Public discourse on these issues has highlighted the tension that exists between the preservation of the state (by maintaining self-determination and sovereignty) and the rights and freedoms of individuals. Self-determination is a principle in international law that a people ought to be able to determine their own governmental forms and structure free from outside influence. ... Sovereignty is the exclusive right to exercise supreme political (legislative, judicial and/or executive) authority over a geographic region, group of people or oneself. ... Human rights are rights which some hold to be inalienable and belonging to all humans. ... Political freedom is the right, or the capacity, of self-determination as an expression of the individual will. ...


Although national security measures are imposed to protect society as a whole, such measures will necessarily tend to restrict the rights and freedoms of all individuals in society. The concern is that where the exercise of national security laws and powers is not subject to good governance, the rule of law, and strict checks and balances, there is a risk that "national security" may simply serve as a pretext for suppressing unfavorable political and social views. Taken to its logical conclusion, this view contends that measures which may ostensibly serve a national security purpose (such as mass surveillance, and censorship of mass media), could ultimately lead to an Orwellian dystopia. The terms governance and good governance are being increasingly used in development literature. ... The rule of law implies that government authority may only be exercised in accordance with written laws, which were adopted through an established procedure. ... The separation of powers (or trias politica, a term coined by French political thinker Montesquieu) is a model for the governance of the state. ... Individual rights Free speech, free press Soap box, Speakers corner (Hyde Park), blog (weblog) prior restraint, censorship, self-censorship, censor Right to assembly Gay rights, Stonewall Feminism, ERA, equal pay, Title IX Famous political dissenters Gandhi Steve Biko Nelson Mandela Martin Luther King, Jr. ... Logic (from ancient Greek λόγος (logos), meaning reason) is the study of arguments. ... Mass surveillance is the pervasive surveillance of an entire population, or a substantial fraction thereof. ... The examples and perspective in this article or section may not represent a worldwide view. ... Mass media is a term used to denote, as a class, that section of the media specifically conceived and designed to reach a very large audience (typically at least as large as the whole population of a nation state). ... Orwellian describes a situation, idea, or condition that George Orwell identified as being inimical to the welfare of a free-society. ... A dystopia (alternatively, cacotopia[1], kakotopia or anti-utopia) is a fictional society that is usually seen as the antithesis of a utopia. ...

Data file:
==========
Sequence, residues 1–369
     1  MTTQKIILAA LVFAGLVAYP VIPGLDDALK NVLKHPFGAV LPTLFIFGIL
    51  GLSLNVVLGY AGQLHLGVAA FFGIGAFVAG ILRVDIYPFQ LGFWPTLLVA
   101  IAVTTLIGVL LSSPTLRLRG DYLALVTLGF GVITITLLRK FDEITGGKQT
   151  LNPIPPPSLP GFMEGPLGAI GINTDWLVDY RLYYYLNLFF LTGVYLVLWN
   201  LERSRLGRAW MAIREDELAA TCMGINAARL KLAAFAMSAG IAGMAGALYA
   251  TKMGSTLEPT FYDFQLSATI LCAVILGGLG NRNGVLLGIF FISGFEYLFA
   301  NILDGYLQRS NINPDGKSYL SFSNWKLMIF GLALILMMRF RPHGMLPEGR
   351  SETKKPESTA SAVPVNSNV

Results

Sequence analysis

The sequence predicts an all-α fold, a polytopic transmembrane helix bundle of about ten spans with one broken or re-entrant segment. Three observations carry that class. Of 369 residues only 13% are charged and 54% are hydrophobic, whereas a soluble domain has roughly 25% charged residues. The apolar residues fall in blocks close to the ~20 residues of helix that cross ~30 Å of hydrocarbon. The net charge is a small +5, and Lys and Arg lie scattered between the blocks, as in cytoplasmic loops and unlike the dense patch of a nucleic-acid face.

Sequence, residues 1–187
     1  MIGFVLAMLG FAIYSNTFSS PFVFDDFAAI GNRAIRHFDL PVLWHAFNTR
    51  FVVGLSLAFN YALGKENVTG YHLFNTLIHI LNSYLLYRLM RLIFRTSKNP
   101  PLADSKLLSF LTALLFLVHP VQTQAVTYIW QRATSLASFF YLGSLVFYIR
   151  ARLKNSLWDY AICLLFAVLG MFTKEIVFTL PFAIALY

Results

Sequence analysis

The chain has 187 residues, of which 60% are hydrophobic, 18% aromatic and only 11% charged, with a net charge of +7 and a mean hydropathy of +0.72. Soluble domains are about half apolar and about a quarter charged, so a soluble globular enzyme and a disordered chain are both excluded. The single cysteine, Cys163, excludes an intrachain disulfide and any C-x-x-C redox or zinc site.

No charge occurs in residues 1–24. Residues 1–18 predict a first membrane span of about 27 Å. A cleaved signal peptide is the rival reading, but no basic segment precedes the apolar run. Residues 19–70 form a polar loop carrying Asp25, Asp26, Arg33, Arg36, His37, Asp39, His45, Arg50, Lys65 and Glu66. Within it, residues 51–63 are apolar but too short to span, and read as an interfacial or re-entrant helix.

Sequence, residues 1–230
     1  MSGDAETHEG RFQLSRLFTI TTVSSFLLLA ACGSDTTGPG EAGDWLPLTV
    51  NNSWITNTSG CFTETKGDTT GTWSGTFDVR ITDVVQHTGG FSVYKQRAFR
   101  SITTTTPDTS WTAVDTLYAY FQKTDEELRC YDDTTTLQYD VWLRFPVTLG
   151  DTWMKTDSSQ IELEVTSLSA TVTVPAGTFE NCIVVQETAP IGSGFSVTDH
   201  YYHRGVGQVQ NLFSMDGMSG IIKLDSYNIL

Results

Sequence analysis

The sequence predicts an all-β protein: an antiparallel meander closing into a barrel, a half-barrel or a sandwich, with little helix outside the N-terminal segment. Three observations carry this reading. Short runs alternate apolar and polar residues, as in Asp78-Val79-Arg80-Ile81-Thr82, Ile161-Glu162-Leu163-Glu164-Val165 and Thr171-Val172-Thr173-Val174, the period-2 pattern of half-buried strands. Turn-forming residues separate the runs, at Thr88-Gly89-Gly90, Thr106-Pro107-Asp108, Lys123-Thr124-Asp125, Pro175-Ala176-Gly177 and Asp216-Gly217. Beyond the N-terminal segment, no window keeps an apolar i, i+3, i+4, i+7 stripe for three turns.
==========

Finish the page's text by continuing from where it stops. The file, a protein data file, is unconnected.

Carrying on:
The debate also raises questions about whether national security is ultimately weakened by the diversion of public sector funds away from basic services such as education, the healthcare system and disaster relief and emergency preparedness, and into national security measures and programs. The public sector is that part of economic and administrative life that deals with the delivery of goods and services by and for the government, whether national, regional or local/municipal. ... A healthcare system is the organization by which health care is provided. ... To meet Wikipedias quality standards, this article or section may require cleanup. ...


In the United States, the controversial USA Patriot Act and other government action has brought some of these issues to the attention of even the average citizen. The debate raises the question, "To what extent, for the sake of national security, should individual rights and freedoms be restricted?", or "can the restriction of civil rights for the sake of national security be justified?". President George W. Bush signing the USA PATRIOT ACT in the White Houses East Room on October 26, 2001. ...


Alternatively, one could ask, "to what extent are security and liberty both important concurrent values, each to be maximized within the constraints imposed by the other?" How can a liberal democracy be secure? "In a liberal republic, liberty presupposes security; the point of security is liberty," see Thomas Powers, Can We Be Secure and Free? 151 Public Interest 3 (Spring 2003). This article or section does not cite its references or sources. ...


See also


 
 

COMMENTARY     


Share your thoughts, questions and commentary here
Your name
Your comments

Want to know more?
Search encyclopedia, statistics and forums:

 


Press Releases |  Feeds | Contact
The Wikipedia article included on this page is licensed under the GFDL.
Images may be subject to relevant owners' copyright.
All other elements are (c) copyright NationMaster.com 2003-5. All Rights Reserved.
Usage implies agreement with terms, 1022, m